I particularly like your bit "But scientists actually think long and hard about this stuff. They do the math (important!) and then, and ONLY then when there is possibly something interesting to be said about the universe from this do they publish the hard facts..". What planet are you on? Where are the "hard facts" for multiverses, branes, etc.? You are a total prat, and shoot your mouth off without putting your brain into gear. Do us all a favour and shut up!
antialias_physorg
5 / 5 (5) Apr 09, 2014
Where are the "hard facts" for multiverses, branes, etc.?

Papers on these are based on:
1) An assumption that is not at odds with current observation.
2) SOLID math based on that assumption to see where it leads.
3) Predictions based upon the extrapolations that lead to (at least in theory) eventually testable results.

The assumption may be wrong (and often times is), that is why such speculative papers often get resigned to the dustbin of history when evidence rolls in that invalidates the assumption.

Again: The difference to crackpottery is that these people actually think about what they are doing and try to see what comes of it, instead of trying to fit everything into a preconceived notion (like religious people - or you - do)

You are accusing me of having the same superficial view that you obviously have, with no evidence.

I present to you exhibit A:
Every. Single. Post. You. Have. Made. On. This. Site.

I rest my case. Let the readers judge.
Jaeherys
5 / 5 (4) Apr 09, 2014
As a biologist, I really dont care about philosophy the slightest. Philosophy doesnt confirm that if i inject stem cells into your spine you will almost certainly develop a tumor(s). Nor does it help me interpret 6 lines of evidence supporting a claim. People can say and think whatever they want but at the end of the day, it doesnt matter the slightest. My cells are going to do what the hell ever they want to do (normally its the exact opposite of what i want them to do, of course) regardless of what anybody says or believes. Philosophy by its very nature, cannot and will not increase our understanding of the universe. Only evidence, careful analysis, and lots and lots of stats, has the potential to increase our understanding.

Of course, thats not to say philosophy isnt important in our society, i rather enjoyed the philosophy of ethics, but it has very little benefit to the hard sciences. And since the end of that course, I have not once used or heard any talk of philosophy
TheGhostofOtto1923
3 / 5 (3) Apr 09, 2014
Of course, thats not to say philosophy isnt important in our society
Of course it does say this. Philosophy is at the very least unimportant.
rather enjoyed the philosophy of ethics
But science is telling us that ethics is wholly biologically-derived.

"Morality and Evolutionary Biology... So now it is time for someone else to have a go…Perhaps [biologists] can eventually do what philosophers have never managed, and explain moral behavior in an intellectually satisfying way."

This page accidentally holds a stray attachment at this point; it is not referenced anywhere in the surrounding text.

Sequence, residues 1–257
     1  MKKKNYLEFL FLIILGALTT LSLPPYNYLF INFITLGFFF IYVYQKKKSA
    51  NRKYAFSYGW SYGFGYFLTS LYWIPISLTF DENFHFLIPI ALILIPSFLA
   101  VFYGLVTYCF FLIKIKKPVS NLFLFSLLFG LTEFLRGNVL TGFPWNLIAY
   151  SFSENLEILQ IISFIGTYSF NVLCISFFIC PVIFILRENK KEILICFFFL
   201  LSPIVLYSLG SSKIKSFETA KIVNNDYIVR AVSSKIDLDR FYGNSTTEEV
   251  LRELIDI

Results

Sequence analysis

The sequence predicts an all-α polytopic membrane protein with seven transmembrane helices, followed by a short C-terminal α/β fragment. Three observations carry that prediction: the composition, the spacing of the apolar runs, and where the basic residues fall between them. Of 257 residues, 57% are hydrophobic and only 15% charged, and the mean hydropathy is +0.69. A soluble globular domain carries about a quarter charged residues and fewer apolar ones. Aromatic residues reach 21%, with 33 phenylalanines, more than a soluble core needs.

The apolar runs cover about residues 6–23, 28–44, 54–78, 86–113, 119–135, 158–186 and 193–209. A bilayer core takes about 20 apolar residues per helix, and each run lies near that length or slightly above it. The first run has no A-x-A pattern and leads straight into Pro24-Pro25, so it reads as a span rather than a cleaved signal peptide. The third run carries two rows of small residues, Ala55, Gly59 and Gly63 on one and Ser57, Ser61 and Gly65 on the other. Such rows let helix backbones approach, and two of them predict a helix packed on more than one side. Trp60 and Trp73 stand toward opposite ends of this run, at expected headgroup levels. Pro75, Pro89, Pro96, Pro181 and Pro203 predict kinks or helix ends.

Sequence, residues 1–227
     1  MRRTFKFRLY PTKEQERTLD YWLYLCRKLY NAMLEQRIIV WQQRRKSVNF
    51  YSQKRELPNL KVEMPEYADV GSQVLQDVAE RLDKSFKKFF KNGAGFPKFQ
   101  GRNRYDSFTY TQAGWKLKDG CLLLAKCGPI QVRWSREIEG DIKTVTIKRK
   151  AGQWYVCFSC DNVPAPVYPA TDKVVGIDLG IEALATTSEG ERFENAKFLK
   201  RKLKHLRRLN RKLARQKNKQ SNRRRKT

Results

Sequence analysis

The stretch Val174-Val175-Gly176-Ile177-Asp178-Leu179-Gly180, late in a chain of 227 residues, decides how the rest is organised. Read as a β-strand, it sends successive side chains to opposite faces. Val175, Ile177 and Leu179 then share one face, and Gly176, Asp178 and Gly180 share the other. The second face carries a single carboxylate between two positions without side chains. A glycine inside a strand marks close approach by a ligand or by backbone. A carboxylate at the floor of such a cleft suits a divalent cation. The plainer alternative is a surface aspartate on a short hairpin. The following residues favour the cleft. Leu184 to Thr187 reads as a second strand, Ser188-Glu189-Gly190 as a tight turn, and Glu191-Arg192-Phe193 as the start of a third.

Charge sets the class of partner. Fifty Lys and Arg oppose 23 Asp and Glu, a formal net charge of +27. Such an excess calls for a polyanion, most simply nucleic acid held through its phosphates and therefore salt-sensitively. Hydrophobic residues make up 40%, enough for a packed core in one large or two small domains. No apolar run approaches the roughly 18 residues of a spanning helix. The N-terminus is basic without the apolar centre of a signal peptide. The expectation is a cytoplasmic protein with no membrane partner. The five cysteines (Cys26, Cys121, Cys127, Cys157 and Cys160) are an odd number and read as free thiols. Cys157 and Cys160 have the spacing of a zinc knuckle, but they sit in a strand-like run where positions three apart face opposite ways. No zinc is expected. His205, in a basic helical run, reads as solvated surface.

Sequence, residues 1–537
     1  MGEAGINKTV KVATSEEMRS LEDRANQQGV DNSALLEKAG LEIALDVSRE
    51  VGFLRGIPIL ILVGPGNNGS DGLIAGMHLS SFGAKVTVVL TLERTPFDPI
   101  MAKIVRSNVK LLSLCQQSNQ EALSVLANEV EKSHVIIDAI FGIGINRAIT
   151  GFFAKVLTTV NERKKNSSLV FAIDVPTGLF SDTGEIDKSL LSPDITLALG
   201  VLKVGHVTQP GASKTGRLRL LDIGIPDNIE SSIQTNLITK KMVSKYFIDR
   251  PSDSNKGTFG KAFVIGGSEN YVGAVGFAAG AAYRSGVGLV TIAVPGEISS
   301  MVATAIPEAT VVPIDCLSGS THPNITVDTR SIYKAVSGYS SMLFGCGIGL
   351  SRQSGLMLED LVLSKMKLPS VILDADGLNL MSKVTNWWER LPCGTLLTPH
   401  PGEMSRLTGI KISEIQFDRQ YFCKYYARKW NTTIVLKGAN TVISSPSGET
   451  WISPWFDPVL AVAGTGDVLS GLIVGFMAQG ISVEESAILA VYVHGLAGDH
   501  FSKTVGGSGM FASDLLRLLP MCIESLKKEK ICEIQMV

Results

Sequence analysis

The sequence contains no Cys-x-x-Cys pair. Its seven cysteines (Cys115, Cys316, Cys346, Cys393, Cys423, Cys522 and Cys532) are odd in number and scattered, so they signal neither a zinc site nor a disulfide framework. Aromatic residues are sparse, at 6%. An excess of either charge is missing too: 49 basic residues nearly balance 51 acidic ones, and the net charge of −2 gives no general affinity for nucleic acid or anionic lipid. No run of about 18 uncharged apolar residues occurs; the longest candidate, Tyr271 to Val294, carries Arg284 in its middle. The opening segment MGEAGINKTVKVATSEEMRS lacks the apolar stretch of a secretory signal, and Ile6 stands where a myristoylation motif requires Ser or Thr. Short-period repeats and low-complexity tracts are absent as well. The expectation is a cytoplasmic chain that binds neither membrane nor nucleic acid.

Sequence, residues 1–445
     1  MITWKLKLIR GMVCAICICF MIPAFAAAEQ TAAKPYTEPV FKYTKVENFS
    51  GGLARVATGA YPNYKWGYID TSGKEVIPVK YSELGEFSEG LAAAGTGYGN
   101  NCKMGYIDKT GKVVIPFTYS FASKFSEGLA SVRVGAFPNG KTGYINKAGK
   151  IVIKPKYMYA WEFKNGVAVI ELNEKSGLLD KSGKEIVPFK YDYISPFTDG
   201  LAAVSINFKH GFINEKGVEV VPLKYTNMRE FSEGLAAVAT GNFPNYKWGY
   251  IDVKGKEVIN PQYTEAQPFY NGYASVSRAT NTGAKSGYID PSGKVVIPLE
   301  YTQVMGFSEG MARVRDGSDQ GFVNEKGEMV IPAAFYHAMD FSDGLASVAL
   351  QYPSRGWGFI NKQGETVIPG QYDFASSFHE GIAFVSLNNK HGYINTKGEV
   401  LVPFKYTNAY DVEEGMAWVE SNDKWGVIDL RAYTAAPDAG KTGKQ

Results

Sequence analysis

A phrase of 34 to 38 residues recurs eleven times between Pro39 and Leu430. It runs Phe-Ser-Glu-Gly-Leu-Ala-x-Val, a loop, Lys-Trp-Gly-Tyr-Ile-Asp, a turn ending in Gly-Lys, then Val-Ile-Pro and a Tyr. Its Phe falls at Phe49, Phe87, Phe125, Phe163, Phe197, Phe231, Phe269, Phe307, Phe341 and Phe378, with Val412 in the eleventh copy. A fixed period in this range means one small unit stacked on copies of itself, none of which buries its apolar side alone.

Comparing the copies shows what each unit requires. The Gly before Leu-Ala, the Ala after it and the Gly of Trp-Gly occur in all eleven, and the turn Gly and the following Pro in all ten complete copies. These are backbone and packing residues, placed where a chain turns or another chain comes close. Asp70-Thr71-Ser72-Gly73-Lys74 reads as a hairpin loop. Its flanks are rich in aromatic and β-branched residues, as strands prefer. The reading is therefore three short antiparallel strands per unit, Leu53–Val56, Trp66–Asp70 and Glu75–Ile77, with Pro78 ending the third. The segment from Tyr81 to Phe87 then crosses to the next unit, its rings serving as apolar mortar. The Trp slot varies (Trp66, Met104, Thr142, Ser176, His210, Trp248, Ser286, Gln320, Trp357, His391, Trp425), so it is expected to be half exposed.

http://plato.stan...voEvoEth

-And even though the quote is from a philo site, this only indicates their desperate and futile efforts to hold onto something else that we now know can only be explained by scientists.
TheGhostofOtto1923
1 / 5 (1) Apr 09, 2014
Hey I just read the article. I should do this more often. I found this:

"Such fundamental notions as reality, space, time and causality – notions found at the core of the scientific enterprise – all rely on particular metaphysical assumptions about the world."

-as written by:

"Christof Koch... an American neuroscientist best known for his work on the neural bases of consciousness... Koch advocates for a modern variant of Panpsychism, the ancient philosophical belief that some minimal form of consciousness can be found in all biological organisms..."

-I see. As scientists explore the evolutionary basis for human behavior, many are beginning to suspect the existence of consciousness and wonder if it belongs in the same category as 'soul' and 'heaven'.

A neuroscientist who refers to the metaphysical as if it was a useful term to scientists is also suspect. Why would such a scientist seek support from philosophy if science wasnt starting to disprove and discredit his specialty?
antialias_physorg
5 / 5 (3) Apr 09, 2014
Philosophy by its very nature, cannot and will not increase our understanding of the universe.

I agree with you up to a point. Philosophy does have one interesting area of application: it can think about itself. While that may sound circular/tautological at first there is something that this can achieve: It can tell us something about our inherent bias at looking at the universe. We take our biology for granted when we look at experiments and judge results. But we never question whether that ultimate of instruments we use (the brain) isn't:
a) biased
b) might have some blind spot where there is something it simply cannot work on by the very nature of its construction (before anyone asks: I'm not arguing religion or souls or somesuch nonsense here)

If such bias exists then a failure in the philosophical narrative may point it out (e.g. Goedels incompleteness theorem or even the anthropic principles MIGHT constitute such failures. Though I'm not at all sure they do.)
Reg Mundy
1 / 5 (3) Apr 09, 2014
Where are the "hard facts" for multiverses, branes, etc.?

Papers on these are based on:
1) An assumption that is not at odds with current observation.
2) SOLID math based on that assumption to see where it leads.
3) Predictions based upon the extrapolations that lead to (at least in theory) eventually testable results.

The assumption may be wrong (and often times is), that is why such speculative papers often get resigned to the dustbin of history when evidence rolls in that invalidates the assumption.


Ah! You wouldn't know a "HARD FACT" if it fell on your foot! What a supercilious twit you are!
Your reply is complete twaddle, followed by your usual recourse to silly insults. Grow up!

Please sign in to add a comment. Registration is free, and takes less than a minute. Read more

Click here to reset your password.
Sign in to get notified via email when new comments are made.